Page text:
Wednesday, January 28, 2015

Ratchet & Clank HD (Vita) Review

I think since we're approaching the end of the month it's time to reveal that I'm going to be moving on to a new scoring system on SuperPhillip Central. The change will be highlighted in a future post. Reviews will be written the same (the jury's out if that's a good thing or a bad thing), but the scoring system will be altered, hopefully for the better. In the meantime, let's enjoy the old system while we can with this review from a game in one of my favorite franchises, Ratchet & Clank!

This is going to be the beginning of a beautiful friendship.

No, I don't mean just between the pair of Ratchet and Clank, who start off as very different characters at the beginning of the game compared to how they turn up at the end, as good friends. At the start of their partnership, Ratchet couldn't care less about saving the universe while Clank is highly naive and trusts pretty much anyone. I mean Ratchet & Clank for many players might be their first foray into the franchise, what, with this being the first game of the HD collection on the PlayStation Vita.

No doubt many will find the original so much fun that they'll become players and then fans of the sequels. It only gets better from there, but like every good friendship, it has to start somewhere. That somewhere is the original Ratchet & Clank, now available in handheld form as part of the download-only Ratchet & Clank Collection for the PlayStation Vita. While it's still a blast to play, future installments quickly make certain parts of the game feel obsolete and ancient in comparison.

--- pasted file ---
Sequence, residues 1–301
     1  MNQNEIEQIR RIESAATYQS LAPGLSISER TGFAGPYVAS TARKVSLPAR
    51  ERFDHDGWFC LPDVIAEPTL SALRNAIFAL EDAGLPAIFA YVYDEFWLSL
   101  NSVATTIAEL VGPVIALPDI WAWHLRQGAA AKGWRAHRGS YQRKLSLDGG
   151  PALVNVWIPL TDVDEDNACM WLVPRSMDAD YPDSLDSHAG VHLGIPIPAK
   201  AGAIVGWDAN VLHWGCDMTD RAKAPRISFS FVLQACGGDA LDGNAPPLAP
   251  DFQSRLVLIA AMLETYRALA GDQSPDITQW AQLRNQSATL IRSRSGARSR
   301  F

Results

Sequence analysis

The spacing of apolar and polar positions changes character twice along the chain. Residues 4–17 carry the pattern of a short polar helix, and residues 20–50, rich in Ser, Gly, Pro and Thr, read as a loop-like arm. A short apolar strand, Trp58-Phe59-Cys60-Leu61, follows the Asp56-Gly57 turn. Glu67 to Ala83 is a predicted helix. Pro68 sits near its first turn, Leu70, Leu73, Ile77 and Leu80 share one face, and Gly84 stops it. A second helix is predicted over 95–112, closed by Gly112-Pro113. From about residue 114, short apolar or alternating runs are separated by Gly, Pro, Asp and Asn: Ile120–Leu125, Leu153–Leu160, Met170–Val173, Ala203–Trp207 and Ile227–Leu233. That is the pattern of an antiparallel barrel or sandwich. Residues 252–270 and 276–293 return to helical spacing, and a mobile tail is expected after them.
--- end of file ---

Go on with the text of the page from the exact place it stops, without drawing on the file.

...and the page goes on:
Two against one? Is there no
chivalry in this galaxy!?
Ratchet and Clank traipse around over 15 different planets and areas throughout their inaugural adventure together. Starting out armed with only a wrench for close-range attacks and a blaster for long-range shots (albeit with limited ammo), the two deal damage to Chairman Drek's plan to take pieces of various planets to build his own world.

One of many eye-catching locations in
the first Ratchet & Clank.
From defeating enemies and breaking boxes, you earn bolts that can be used to purchase ammunition and new weapons at various Gadgetron vendors. Whether it's a powerful missile launcher with the Devastator, a glove that throws out bombs (fittingly called the Bomb Glove). a flamethrower called the Pyrocitor, or any other of the over a dozen weapons fit for combat, Ratchet can accumulate a nice stockpile of weapons. Just don't wonder how he holds them all. It's not worth asking the question.